T-Frère

My youngest brother was born after my aunt, who paid for the rest of us to go to college, died. And we do not have the savings she had, and he worked his way through college, here. First, he waited on tables. Then he moved up to installing DirecTV. At that time circumstances dictated that he take certain classes from me. And he is intelligent, and articulate, but he was working long hours, and I never found an honest way to give him a grade higher than B.

He would rush into class at the last minute, still in his cap and overalls, embroidered over the left pocket with his name. And I would see him and do a double take, here he was that delicate child, who used to cut school in hopes of hearing Laotians speak, himself fluent in Portuguese, and Creole, and French, and very academic, and paying high interest on his truck note because he was under 25 and Black, and in his cap and overalls, and sitting as he did although after hours he is very elegant, he was so clearly a working man.

Axé.

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9 Comments

Filed under Poetry

9 responses to “T-Frère

  1. Here’s to all the hard working intelligent brothers! A toast!
    I was like that. I could’ve made the Dean’s list more than once, but I like to play too. Therefore, I was a “B” student. :)

  2. Are you saying that your brother died?

  3. He graduated and has a fancier job now, in a fancier town!

  4. ahh good. Wow it took a lot of determination. It sounds like your whole family has the gift of the ear for languages.

  5. such a beautiful tribute to your brother!! thanks for sharing

  6. Some aunts and uncles a couple of generations up had a story of themselves as children, discussing their father.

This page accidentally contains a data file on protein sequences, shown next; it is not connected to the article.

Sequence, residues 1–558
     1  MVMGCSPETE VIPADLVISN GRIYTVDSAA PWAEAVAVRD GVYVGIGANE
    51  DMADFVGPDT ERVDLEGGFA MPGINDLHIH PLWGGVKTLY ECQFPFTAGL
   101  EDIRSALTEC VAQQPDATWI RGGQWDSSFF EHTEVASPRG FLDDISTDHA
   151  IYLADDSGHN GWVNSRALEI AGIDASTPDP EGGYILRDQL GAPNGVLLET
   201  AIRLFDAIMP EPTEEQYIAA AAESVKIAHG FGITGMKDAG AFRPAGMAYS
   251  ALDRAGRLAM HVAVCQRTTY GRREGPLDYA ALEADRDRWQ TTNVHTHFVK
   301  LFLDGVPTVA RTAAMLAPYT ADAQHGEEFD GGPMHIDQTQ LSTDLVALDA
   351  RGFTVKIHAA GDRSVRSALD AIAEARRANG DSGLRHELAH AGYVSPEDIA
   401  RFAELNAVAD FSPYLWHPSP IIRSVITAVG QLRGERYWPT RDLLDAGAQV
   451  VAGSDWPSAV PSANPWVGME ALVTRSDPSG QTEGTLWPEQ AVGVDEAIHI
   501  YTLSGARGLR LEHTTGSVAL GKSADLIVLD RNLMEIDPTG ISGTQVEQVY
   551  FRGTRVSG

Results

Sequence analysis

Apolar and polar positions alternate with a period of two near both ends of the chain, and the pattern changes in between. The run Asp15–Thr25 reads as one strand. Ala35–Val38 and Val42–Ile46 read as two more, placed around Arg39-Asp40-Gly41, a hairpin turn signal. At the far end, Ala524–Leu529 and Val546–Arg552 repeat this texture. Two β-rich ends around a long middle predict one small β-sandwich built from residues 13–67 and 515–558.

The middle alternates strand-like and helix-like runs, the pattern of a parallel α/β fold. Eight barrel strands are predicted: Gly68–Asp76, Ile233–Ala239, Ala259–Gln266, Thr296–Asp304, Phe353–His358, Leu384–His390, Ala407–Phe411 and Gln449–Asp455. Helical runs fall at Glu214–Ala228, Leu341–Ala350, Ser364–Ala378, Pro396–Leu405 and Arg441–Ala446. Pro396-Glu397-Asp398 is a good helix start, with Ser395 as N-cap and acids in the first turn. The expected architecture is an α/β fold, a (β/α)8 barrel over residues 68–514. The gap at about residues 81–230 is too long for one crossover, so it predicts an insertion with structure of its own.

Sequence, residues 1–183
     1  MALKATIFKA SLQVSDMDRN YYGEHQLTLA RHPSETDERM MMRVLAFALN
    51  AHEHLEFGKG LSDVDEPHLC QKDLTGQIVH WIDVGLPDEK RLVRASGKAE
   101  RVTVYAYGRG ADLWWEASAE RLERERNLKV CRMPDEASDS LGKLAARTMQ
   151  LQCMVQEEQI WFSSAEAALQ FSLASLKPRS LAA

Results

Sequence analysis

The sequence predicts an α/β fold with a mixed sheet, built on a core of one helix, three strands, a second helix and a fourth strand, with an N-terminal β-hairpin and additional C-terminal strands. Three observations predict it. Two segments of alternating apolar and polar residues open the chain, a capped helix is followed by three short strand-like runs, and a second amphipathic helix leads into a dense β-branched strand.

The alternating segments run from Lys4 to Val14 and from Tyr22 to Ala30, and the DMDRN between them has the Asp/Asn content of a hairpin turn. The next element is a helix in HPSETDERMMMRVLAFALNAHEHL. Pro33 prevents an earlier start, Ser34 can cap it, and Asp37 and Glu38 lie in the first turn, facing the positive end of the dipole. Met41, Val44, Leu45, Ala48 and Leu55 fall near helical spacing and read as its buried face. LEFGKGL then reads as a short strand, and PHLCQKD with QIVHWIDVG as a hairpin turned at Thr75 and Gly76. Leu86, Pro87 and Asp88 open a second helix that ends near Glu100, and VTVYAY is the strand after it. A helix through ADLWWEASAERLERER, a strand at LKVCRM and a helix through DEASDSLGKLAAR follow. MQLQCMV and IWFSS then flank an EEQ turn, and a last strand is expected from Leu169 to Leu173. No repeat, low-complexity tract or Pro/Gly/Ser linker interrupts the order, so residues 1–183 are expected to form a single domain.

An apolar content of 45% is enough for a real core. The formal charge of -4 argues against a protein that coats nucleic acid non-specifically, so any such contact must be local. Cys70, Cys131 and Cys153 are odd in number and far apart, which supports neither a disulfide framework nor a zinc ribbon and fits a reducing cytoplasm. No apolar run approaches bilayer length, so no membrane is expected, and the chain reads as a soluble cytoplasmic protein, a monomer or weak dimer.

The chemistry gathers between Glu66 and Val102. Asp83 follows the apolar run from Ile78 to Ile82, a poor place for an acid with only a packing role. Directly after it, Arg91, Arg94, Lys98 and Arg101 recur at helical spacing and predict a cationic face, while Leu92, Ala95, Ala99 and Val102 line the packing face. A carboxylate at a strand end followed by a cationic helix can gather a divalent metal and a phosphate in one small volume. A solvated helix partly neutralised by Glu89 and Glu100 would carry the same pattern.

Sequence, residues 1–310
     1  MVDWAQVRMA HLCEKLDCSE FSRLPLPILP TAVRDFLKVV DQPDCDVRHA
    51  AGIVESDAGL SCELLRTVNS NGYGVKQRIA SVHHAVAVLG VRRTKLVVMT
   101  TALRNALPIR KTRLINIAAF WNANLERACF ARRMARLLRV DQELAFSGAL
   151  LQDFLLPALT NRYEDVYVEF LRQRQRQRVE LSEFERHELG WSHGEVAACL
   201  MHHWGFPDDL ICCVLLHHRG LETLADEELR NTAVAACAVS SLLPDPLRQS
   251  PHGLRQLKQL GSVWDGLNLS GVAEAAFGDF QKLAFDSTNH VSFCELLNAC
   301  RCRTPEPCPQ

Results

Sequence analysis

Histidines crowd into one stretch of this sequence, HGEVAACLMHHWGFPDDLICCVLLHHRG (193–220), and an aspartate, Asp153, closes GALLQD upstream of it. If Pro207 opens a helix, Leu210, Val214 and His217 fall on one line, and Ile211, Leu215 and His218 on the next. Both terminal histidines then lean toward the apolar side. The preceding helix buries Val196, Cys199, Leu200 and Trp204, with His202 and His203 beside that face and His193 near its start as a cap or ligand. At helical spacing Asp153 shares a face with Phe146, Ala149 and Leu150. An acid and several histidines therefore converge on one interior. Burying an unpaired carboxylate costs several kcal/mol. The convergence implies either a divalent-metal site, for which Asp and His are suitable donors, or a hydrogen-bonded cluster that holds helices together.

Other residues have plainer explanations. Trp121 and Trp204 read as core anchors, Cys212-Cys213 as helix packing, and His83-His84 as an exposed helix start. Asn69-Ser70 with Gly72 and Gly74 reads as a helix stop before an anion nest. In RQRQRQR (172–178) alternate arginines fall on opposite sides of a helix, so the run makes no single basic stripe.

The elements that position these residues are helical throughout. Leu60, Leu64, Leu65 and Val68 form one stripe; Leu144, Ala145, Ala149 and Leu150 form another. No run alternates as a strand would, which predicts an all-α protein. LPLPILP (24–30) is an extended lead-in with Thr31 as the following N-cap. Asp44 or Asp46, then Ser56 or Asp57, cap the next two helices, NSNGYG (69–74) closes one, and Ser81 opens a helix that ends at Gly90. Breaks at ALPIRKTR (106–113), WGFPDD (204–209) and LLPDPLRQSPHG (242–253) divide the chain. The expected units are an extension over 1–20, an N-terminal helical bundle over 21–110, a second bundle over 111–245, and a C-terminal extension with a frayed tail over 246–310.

Small Child A: How many languages does Father speak?
    Small Child B (wisely): He speaks all languages.

    Actually he appears to have ‘spoken’ about twelve.
    I am assuming he spoke some of these badly.

    This brother is adopted, though, which is why he is so much younger. It all came about sort of by chance, but it started because of the language affinity.

    He would disappear to the Laotians because they spoke Lao, to his grandparents because they spoke Creole, and to our house because we spoke about twelve languages, some of them very well, some sufficiently well, and others, very badly.

    We do not look at all alike, but everyone has always seen the family resemblance. I’d tell you where his Myspace is, except that would ruin what is left of my anonymity!

  7. This post is too lovely for words.

    :^)

  8. Bonjour! Comment allez vous? I didn’t come to your blog in days and found myself thinking about you and the blog. I finally came tonight to read about your updates. Does that happen to you? Do you find some blogs “haunting” – in a good way?

    In any case, someday, I wish to attend a lecture of yours or something. You and your family are the kind of intellectuals that encourage others to work harder!

    Guess what? I was asked to write for a magazine in Kuwait by a friend. It is a private, student made magazine called “SPARK” – Smart People Aquire Real Knowledge. My first articles tackle a definition of literatire and the marriage obsession. I’m going under a pseudonym which I cannot disclose here to secure my anonymity ;)

    Two terms that I will share with you; try to figure them out!

    Anglowaitis
    Kuwailish

  9. Hey Captain Obvious – Anglowaitis: Anglophile Kuwaitis? Kuwailish: English as spoken in Kuwait?
    COOL re magazine! T-frère is taking Arabic lessons and claims that if he dresses right, he’ll pass for Lebanese … ? These are some of his pictures, under his fake name for purposes of discretion (it was the name of a character in a play he was in): http://criollokid80.jepose.net/index.php?page=galerieinde02

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